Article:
37 of 42 people found the following review helpful
Free Flight Disappoints,
This review is from: Free Flight: From Airline Hell to a New Age of Travel (Hardcover)
James Fallows says his new book "Free Flight" is about how to solve air travel gridlock with technically advanced general aviation airplanes (thus the lengthy subtitle "From Airline Hell to a New Age of Travel"). Nonsense. "Free Flight" is a chronicle of the author's personal fascination with all things aviation. Fallows spends most of the book detailing his personal aviation experiences, including his flying lessons, his spiffy new airplane, his flying buddies, et al. This is good fun for pilots, especially GA pilots, but I doubt there is much use or appeal to a broader audience.
To the extent that the book spends much time at all on the topic of modern air travel, many of the author's contentions seem outright silly. Fallows devotes dozens of pages (and the book's cover) to the Cirrus SR20 in the belief that it will have a major impact on the future of air travel. Granted, the Cirrus is a fantastic aircraft, but it designed for GA needs and simply not suitable for commercial operation (total number of SR20s in use by commercial carriers: ZERO). True, a new breed of airplanes are reinventing air travel, but these "regional" aircraft are from companies such as Bombardier and Embraer, which sell hundreds of airplanes to fast-growing carriers like SkyWest and Mesaba. Fallows simply never establishes his main point, that GA will have a leading role in improving air travel, and he ignores altogether the many new companies and aircraft that are slowly improving what the author calls "Airline Hell".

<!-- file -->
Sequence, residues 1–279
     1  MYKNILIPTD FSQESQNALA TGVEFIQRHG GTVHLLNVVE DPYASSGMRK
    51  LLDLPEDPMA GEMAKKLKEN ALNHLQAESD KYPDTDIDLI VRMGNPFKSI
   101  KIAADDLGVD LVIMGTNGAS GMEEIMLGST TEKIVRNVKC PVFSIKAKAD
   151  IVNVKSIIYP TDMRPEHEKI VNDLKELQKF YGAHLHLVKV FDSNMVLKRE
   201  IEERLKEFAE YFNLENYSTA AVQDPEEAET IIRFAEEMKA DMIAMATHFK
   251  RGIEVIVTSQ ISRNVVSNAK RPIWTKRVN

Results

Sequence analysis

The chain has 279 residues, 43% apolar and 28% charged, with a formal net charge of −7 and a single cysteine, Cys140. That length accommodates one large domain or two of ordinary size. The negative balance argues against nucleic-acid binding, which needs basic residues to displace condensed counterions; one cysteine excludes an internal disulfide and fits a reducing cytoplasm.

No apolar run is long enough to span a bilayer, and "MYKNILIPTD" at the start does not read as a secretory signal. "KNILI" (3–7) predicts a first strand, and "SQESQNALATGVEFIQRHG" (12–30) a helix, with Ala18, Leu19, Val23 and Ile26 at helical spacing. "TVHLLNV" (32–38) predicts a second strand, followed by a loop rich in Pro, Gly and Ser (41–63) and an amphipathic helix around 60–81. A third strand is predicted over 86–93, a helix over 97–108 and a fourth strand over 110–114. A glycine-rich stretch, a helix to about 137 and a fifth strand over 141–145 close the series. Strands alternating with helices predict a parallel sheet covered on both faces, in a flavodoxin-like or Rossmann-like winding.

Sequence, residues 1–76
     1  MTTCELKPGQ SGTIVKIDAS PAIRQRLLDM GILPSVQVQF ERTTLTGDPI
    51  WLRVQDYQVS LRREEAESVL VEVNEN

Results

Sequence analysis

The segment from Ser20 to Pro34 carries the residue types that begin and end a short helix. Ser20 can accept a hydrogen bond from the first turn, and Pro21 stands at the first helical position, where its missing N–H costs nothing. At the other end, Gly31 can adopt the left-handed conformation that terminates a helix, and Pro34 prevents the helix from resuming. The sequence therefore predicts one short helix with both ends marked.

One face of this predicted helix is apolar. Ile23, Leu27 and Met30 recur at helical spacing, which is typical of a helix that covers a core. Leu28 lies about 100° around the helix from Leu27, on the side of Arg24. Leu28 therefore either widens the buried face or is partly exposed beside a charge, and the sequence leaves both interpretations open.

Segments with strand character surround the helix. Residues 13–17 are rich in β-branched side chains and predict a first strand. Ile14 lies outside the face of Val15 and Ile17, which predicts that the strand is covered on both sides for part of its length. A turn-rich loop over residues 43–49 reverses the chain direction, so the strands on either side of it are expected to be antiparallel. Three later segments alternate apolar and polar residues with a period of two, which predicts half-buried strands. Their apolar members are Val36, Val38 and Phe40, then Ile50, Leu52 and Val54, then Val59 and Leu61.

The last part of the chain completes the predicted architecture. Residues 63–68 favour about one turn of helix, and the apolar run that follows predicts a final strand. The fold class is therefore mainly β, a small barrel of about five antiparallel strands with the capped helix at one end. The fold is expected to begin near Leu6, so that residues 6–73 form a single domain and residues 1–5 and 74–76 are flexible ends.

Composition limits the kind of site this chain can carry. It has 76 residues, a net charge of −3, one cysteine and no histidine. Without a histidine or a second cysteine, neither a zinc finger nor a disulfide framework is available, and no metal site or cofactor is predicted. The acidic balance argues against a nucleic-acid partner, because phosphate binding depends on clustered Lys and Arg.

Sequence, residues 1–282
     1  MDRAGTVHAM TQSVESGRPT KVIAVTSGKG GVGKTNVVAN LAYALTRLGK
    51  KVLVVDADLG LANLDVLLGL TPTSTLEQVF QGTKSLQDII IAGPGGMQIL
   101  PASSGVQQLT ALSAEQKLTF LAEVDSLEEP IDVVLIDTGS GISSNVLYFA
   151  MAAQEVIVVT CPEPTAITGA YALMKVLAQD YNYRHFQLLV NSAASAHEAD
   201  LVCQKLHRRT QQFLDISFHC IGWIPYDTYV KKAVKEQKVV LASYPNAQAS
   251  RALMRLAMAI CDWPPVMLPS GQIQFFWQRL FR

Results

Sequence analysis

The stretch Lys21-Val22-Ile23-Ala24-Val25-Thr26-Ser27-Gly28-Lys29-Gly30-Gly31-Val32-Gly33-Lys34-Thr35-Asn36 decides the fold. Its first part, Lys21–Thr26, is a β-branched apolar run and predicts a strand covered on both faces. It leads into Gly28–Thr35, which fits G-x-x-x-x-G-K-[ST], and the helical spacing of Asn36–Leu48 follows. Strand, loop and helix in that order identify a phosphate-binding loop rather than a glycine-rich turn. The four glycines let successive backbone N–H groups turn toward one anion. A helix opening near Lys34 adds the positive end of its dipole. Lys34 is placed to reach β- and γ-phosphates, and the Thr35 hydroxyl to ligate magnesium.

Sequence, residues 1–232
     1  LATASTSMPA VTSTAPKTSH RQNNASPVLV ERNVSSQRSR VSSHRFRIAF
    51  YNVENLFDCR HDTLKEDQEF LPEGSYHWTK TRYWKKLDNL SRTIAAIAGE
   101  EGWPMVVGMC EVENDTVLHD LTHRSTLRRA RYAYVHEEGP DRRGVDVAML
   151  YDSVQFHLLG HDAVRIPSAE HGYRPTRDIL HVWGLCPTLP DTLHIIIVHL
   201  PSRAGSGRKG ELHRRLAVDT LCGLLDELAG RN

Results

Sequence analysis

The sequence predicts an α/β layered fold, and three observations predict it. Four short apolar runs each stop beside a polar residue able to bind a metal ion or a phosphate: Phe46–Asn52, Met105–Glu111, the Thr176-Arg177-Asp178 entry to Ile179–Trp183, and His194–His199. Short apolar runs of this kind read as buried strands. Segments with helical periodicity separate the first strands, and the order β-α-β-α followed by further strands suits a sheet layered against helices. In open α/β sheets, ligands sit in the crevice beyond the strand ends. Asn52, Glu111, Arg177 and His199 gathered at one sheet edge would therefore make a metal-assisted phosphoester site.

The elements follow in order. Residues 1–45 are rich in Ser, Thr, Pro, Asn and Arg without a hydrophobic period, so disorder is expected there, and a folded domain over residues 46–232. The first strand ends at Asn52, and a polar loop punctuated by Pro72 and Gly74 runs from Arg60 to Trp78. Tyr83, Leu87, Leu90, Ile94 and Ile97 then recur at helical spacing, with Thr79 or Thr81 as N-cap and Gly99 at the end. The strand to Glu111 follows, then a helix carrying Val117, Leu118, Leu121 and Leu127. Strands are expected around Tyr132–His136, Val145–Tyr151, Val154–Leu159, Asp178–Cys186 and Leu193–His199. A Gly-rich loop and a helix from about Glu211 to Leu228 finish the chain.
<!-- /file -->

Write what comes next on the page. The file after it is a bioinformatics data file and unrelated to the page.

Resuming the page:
As a pilot and aviation enthusiast I found several enjoyable moments in "Free Flight". However, I suspect the broader audience the author seeks will find little in the way of contributions to the air travel discussion, and may simply be left wondering how the normally excellent James Fallows could have produced such a confusing mess.